Apps, Mobile & SMS

Neil Young’s Pono Format Might Benefit Interactive Audio Apps More Than Music Playback

Pono-neil-young-lettermanGuest post by Eliot Van Buskirk of

We recently ran a pair of opposing opinions about Neil Young’s proposal for a new high-end music format and player, called Pono, which would purportedly bring sound quality back to the masses — sort of like how Beats by Dr. Dre and the new Apple EarPods are trying to do, but one step earlier on the musical distribution chain. These new music files would likely be uncompressed (or lossless) 24-bit, 192 kHz audio files, offering a much higher resolution than the CD, which, like subsequent digital formats, is encoded at 16-bit 44.1 kHz.

However, just like some doubt whether Beats and Apple EarPods headphones actually sound as good as their marketing material would suggest, some doubt whether the higher numbers in Neil Young’s Pono format would actually translate to better sound. Notably, Monty Montgomery, who understands how these thing works so well that he build the world’s most popular open-source audio format, Ogg Vorbis (found in Spotify), wrote in his guest post, “Unfortunately, there is no point to distributing music in 24-bit/192kHz format. Its playback fidelity is slightly inferior to 16/44.1 or 16/48, and it takes up 6 times the space.”

Ouch. Sorry Neil, we love what you’re trying to do here, but that doesn’t sound like a winning approach.

However, there’s a good reason that engineers record and mix at 24-bit and 96 kHz or above: When you process audio during the recording and mastering processes, those higher quality files end up sounding better due to negating minute additions of noise to each generation, among other things.

If Montgomery is right, then Neil Young’s Pono will be a waste of time, bandwidth, and disk space for simple music playback. However, an increase to 24-bit 192 kHz audio on the listener side could have positive ramifications when they in turn process sound. Music videogames, DJ apps, remixers, social karaoke apps, equalizers, and other apps that let listeners interact with sound in such a way that the audio gets processed could find that Pono or any other high-resolution format could produce better results. DJs in particular might be willing to pay for files that can be manipulated and still sound great.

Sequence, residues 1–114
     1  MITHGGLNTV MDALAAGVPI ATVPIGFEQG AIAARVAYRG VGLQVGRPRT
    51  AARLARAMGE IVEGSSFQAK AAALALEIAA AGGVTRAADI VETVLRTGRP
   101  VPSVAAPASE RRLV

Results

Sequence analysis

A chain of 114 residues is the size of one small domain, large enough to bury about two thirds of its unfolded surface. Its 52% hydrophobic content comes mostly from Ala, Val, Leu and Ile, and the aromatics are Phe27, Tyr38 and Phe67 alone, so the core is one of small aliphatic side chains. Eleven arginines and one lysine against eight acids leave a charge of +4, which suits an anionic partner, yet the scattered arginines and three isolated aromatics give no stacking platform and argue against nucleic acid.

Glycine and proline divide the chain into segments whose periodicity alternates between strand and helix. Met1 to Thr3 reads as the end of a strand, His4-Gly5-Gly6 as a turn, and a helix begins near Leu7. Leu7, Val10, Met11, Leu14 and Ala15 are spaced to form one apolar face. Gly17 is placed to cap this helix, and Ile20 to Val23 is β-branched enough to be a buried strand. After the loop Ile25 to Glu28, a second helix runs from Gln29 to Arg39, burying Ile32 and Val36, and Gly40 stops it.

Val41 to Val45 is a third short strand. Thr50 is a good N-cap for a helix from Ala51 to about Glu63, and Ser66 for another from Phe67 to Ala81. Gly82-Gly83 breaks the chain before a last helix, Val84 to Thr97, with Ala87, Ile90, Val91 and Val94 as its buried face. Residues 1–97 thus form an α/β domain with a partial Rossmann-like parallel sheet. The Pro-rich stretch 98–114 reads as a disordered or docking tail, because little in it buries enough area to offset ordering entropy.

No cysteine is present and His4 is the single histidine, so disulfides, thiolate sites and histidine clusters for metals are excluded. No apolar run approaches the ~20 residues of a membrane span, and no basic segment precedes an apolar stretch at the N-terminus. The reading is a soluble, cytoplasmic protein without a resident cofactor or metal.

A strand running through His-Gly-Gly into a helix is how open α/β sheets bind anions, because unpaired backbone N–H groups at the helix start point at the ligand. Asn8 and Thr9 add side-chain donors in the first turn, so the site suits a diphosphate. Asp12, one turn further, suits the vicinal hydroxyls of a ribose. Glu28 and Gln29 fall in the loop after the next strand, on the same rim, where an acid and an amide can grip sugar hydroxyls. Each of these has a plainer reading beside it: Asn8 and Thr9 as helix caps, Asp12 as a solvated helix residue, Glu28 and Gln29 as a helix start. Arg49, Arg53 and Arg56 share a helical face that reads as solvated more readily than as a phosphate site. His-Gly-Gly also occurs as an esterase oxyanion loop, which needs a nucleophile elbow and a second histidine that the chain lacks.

Selling an interactive music format that outputs great-sounding results even after multiple rounds of audio processing might not be as sexy as upgrading the sound of all digital music. However, it might be more realistic.

See also:

Will Neil Young’s ‘Pono’ Player Really Make Music Sound Better?

Guest Opinion: Neil Young Says Pono is Hawaiian for ‘Righteous’

Guest Opinion: Why 24/192 Music Downloads Make No Sense


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  1. “Unfortunately, there is no point to distributing music in 24-bit/192kHz format. Its playback fidelity is slightly inferior to 16/44.1 or 16/48, and it takes up 6 times the space.”
    This is simply not true. Why this man is lying, I don’t know, but 24 bit / 192khz is far, and noticeably, superior in playback quality to 16/44.1 or 48.
    And who cares if it takes up 6 times the space? We have the technology to store thousands of these files in a single, tiny drive, so who cares??

  2. ” bring sound quality back to the masses — sort of like how Beats by Dr. Dre and the new Apple EarPods are trying to do”
    Uhhh…. what? If its something that those two products specifically DON’T do, is bring good sound quality back.

  3. I find this confusing. How is it true that the playback is “inferior” and also true that it’s “higher quality” that “sounds better”?
    And do we know that Mr. Montgomery has listened to a recording that was actually recorded, mixed, and mastered at 192/24 (possibly with an analog step or two)? After all, there aren’t very many available.
    I had the opportunity to listen to Neil’s Harvest album on LP, CD, and DVD-Audio (a 192/24 mix). Vinyl won, but it was very clear that the 192/24 mix was throwing a lot of extra details at me – the presence of the drums, an extra ‘realness’ in the vocals and acoustic guitars. It was a very obvious step up in quality. Just like the numbers would suggest. “It’s arithmetic.”
    I think high-quality sound is something that isn’t on the RADAR screen of most people, even lots of people who actually work with technology and music. People have gotten used to crap.
    I guess I am saying that a quote from a guy whose made a name with a compressed format probably can’t convince me that there’s no reason to strive for high-quality formats.
    MP3s have their place, but they are not a replacement for uncompressed sound, be it vinyl or hi-res digital. I’m twenty-nine and the music industry’s standards have actually gone DOWN over my lifetime. Someone’s gonna change it, whether it’s Neil, or some advancement that happened because of video games and filtered into the realm of music.

  4. Monty says “Unfortunately, there is no point to distributing music in 24-bit/192kHz format. Its playback fidelity is slightly inferior to 16/44.1 or 16/48…”
    I cannot imagine an experience more diametrically opposed to my own. With properly done 24/192, for the first time in my experience, I’ve got a recording format that I cannot tell apart from the direct mic feed.
    Statements asserting 24/192 is inferior (as opposed to finally fulfilling the promise of digital) strike me much like saying there is no color in a rainbow.